top of page

NIST Releases Plan for Federal Engagement in Developing Technical Standards and Related Tools

In response to Executive Order 13859, on August 9th, 2019, the National Institute of Standards and Technology (NIST) released U.S. Leadership in AI: A Plan for Federal Engagement in Developing Technical Standards and Related Tools.

In February of 2019, Executive Order 13859 instructed NIST to develop a plan that introduced international standards that protected federal priorities for innovation, public trust, and public confidence in systems using AI and ensured that technical standards reduced vulnerability to attacks.

After reviewing comments from over 40 organizations in the industry, academia, and the government, NIST has released its plan recommending the federal government advance U.S. AI leadership by bolstering AI standards; promoting focused research regarding trustworthiness; expanding public-private partnerships; and engaging internationally. It specifically recommends that the federal government “commit to deeper, consistent, long-term engagement in AI standards development activities to help the United States to speed the pace of reliable, robust, and trustworthy AI technology development” (4). To read the comprehensive plan, click here.

The plan identifies nine areas of focus for AI standards:

  • Concepts/Terminology

  • Data/Knowledge

  • Human Interactions

  • Metrics

  • Networking

  • Performance Testing/Reporting Methodology

  • Safety

  • Risk Management

  • Trustworthiness

Trustworthiness is an area of focus on which NIST places emphasis, as it is only now being considered by standards developing organizations (SDOs). According to NIST, our ability to understand and evaluate the decisions made by AI systems and measure their trustworthiness is limited (8). AI systems make decisions based on data-driven models; but as technology advances, further scientific testing must be done to ensure the trustworthiness, accuracy, reliability, resiliency, objectivity, security, safety, and accountability of AI systems.

The plan emphasizes that U.S. engagement in developing AI standards is imperative in strengthening the nation’s innovativeness and competitiveness, warning that a lack of involvement may pose a disadvantage for U.S. government agencies and U.S.-based companies in the marketplace.

In addition, NIST outlines steps for federal agency engagement in AI standards, including:

  • Identification of how AI technologies can be used to further the agency’s mission

  • Knowledge of existing statutes and policies regarding the participation in the development of standards

  • Identification of standards and related tools in need of development

  • Use of appropriate standards

  • Engagement in the development of standards to meet agency requirements

Both the Department of Transportation and the Food and Drug Administration have already begun to determine the AI standards needed for their agencies, and NIST suggests that others do the same.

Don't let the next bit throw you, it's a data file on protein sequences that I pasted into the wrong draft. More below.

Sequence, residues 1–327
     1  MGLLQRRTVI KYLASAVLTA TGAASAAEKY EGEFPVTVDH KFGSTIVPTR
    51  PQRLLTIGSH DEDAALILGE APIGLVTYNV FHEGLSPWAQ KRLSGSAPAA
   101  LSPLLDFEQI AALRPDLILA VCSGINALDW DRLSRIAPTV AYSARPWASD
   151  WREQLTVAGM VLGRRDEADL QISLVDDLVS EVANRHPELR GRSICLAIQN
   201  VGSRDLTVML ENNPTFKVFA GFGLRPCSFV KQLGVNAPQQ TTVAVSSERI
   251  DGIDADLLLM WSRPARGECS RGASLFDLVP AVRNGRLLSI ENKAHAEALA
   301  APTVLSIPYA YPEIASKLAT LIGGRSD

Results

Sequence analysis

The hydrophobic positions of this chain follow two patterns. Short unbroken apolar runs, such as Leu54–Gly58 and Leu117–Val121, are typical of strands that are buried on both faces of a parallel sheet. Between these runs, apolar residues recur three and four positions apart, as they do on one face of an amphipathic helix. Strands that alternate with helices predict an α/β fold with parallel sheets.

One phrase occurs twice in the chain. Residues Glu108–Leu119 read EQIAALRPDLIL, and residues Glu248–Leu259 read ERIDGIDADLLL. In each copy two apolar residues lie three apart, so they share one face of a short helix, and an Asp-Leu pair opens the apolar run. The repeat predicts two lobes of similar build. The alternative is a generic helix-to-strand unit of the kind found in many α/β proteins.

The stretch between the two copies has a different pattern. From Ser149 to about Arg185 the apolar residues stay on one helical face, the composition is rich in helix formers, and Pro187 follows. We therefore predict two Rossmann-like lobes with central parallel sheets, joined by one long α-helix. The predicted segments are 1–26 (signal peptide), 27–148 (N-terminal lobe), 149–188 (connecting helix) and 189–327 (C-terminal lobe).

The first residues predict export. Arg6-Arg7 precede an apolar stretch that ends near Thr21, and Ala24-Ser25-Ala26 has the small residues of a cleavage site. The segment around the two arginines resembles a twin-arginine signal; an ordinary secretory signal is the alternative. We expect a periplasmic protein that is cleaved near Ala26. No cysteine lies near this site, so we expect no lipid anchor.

The need to trust AI technologies grows stronger every day, as new smart technologies emerge. For instance, in the Agriculture Sector, AI is supporting and enhancing agricultural practices with automated robots that do more than traditional farming equipment.

Small Robot Company, a British-based engineering company, recently developed three robots—Tom, Dick, and Harry—to perform various tasks autonomously. Tom monitors soil and plants, Dick sprays fertilizers and chemicals, and Harry drills for various crops. When low on power, the robots return to their “kennel” to recharge. Autonomous technology powered by AI relies on electronic equipment that meets the rules, regulations, and standards delineated by international and national committees. The rapid production of wireless products, mobile devices, and IoT and AI technologies has amplified the need for spectrum availability and spectrum planning. Wireless transceivers cannot distinguish between multiple transmissions on the same frequency, thus resulting in electromagnetic interference.

Rhein Tech Laboratories’ worldwide homologation services provides an unrivaled strategy for attaining regulatory product approval in over 100 countries. Our approach reduces the number of required emissions, immunity, and product safety tests by defining the minimum subset of regulatory standards for your target countries at the onset, reducing your time and cost to enter these marketplaces. Contact us today for questions. Sources:,

Recent Posts

See All

FCC RF Exposure for Wearable Device

Question: Has the FCC issued RF exposure guidance for an on-body device equipped with motion sensors to control its conducted power? Answer: On August 24, 2023 the FCC posted under KDB 447498 the foll

ISED Canada Permissive Changes

Question: How should we proceed with respect to the Canadian certification for our wireless device following changes we’ve made to it? Answer: Without knowing the changes made or any impact on the rad


Commenting has been turned off.
bottom of page